Fisher became the confessor to Lady Margaret Beaufort, the mother of Henry VII. He gained fame in Western Europe for his well-constructed arguments against Martin Luther though he himself was a reforming Humanist. Fisher was a stout defender of the doctrine of the Catholic Church but also believed, like Sir Thomas More, that some areas of day-to-day practice within the Church should be reformed. However, Fisher wanted this reform to come from the Catholic Church itself and condemned the Protestant movement and all it stood for.

When it first became known that Henry VIII was planning ways in which to divorce Catherine of Aragon, Fisher made it clear that he totally opposed such moves. He helped Catherine plan her defence and schooled her in Canon Law. Fisher produced seven publications condemning the impending divorce. He also led those in Convocation who believed that Henry was legally married to Catherine – in direct opposition to those who believed that the marriage was illegal – a ploy Henry was trying to use to justify his call for a divorce. Fisher made his stand very clear in the House of Lords – the marriage was legal and a divorce was illegal and the king had no right to push ahead with it.

Fisher was playing a very dangerous game. He made his position even more dangerous when he secretly contacted Charles V to appeal to the Emperor to use force against Henry.

In April 1534, Fisher refused to take the oath required by the Succession Act. This required Fisher to take an oath that repudiated the Pope, that declared invalid the marriage between Henry and Catherine of Aragon and acknowledged that the children of Henry and Anne Boleyn would be the legal heirs to the throne. Several attempts were made to get Fisher to swear the oath but he refused. Under the newly passed Treason Act, his refusal was construed as treason and Fisher was put on trial charged with a crime that carried the death sentence. It was at this time that Pope Paul III made Fisher a Cardinal – a move that infuriated Henry and almost certainly condemned him to death (if he had not been already).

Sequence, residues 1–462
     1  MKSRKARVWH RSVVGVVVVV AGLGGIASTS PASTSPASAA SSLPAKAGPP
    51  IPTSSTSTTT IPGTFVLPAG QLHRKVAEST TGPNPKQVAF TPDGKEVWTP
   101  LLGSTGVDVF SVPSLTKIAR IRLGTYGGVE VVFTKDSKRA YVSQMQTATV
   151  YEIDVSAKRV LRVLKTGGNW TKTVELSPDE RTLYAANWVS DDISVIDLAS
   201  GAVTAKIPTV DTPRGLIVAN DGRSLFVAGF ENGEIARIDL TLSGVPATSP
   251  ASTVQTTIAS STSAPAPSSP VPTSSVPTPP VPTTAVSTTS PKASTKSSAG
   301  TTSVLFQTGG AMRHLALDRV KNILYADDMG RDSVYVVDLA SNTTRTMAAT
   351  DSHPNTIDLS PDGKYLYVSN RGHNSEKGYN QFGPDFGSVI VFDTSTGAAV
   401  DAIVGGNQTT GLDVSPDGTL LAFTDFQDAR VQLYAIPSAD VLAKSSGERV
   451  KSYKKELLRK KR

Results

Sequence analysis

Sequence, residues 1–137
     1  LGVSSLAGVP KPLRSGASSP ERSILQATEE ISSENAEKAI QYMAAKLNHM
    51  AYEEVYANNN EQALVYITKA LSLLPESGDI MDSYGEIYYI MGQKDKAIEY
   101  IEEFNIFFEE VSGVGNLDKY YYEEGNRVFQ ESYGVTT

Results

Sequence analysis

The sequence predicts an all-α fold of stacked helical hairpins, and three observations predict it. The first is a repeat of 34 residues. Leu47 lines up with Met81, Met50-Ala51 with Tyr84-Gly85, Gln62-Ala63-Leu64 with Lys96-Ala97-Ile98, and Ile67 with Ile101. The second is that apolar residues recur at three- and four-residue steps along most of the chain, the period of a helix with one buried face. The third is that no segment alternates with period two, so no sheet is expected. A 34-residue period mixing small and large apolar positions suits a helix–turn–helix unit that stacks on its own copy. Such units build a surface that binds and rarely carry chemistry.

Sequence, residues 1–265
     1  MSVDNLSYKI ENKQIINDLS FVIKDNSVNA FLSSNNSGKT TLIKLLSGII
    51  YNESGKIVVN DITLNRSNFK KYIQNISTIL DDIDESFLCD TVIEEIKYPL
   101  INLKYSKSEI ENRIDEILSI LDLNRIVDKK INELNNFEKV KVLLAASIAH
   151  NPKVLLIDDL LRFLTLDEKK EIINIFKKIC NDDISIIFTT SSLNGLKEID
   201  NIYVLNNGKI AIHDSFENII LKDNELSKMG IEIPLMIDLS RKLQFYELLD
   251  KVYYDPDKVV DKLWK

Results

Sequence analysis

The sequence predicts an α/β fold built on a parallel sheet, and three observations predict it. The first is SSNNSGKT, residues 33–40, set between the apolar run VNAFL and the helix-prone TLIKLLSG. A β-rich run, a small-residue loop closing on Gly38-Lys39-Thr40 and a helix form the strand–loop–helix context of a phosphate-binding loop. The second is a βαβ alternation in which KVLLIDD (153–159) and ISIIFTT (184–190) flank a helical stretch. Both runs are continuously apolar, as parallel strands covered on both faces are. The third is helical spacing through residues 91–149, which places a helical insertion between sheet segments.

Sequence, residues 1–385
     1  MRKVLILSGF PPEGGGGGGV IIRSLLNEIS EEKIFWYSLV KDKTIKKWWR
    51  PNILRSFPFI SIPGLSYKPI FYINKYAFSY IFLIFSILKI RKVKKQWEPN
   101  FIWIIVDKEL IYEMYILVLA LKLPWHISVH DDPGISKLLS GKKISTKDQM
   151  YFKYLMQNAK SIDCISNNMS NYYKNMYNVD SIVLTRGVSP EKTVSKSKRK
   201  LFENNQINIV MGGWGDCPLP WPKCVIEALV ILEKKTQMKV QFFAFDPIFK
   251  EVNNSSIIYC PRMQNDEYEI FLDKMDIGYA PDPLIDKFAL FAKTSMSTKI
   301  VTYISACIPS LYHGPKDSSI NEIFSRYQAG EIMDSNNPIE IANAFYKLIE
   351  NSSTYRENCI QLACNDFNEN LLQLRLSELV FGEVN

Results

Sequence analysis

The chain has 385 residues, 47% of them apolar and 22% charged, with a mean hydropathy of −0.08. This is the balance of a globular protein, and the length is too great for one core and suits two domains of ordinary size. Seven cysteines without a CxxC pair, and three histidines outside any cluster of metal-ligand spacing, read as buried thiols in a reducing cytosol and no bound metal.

John Fisher was put on trial on June 17th, 1535, found guilty of treason and executed on June 22nd, 1535, at Tower Hill.

So Today I have two of Fishers books bound together to offer, these two books undoubtedly endangered Fisher.

716G Fisher, John. 1469-1535
Defesio Regie asser=tionis cõ(n)tra Babylonica captiuitate, per Reuerendum patre & D.D. Johanem Roffensem Episcopu. In qua re- spondet pro illustrissimo, eodeq[ue] doctissimo Anglor[um] Rege Henrico .viij. fidei defensore, ad maledicen- tissi-mum Martini Lutheri libellu, in eunde Rege scriptu plusq[uam] im-pudentissime

716G Defesio Regie assertionis cõ(n)tra Babylonica captiuitate
716G Defesio Regie assertionis cõ(n)tra Babylonica captiuitate

         [bound with]
Sacri sacerdotij defensio cõ(n)tra Lutherum, per Reuerendissimu Dominum, dominum Johannem Roffeñ. Episcopum, virum singulari eruditione omnifariam doctissimum, iam primum ab Archetypo euulgata. Cum tabula et repertorio tractatorum.

716G Sacri sacerdotij defensio cõ(n)tra Lutherum
716G Sacri sacerdotij defensio cõ(n)tra Lutherum

[Both books printed] Colonie : In officina honesti ciuis Petri Quentel, 1525                   $6,000

Octavo, 5 3/4 X 4 inches. AdI:A10,A-R8. AdII:A8[B4]a-g8.

These two books are both large copies (many decked edges) and are clean. It is bound in modern full calf in an antique style.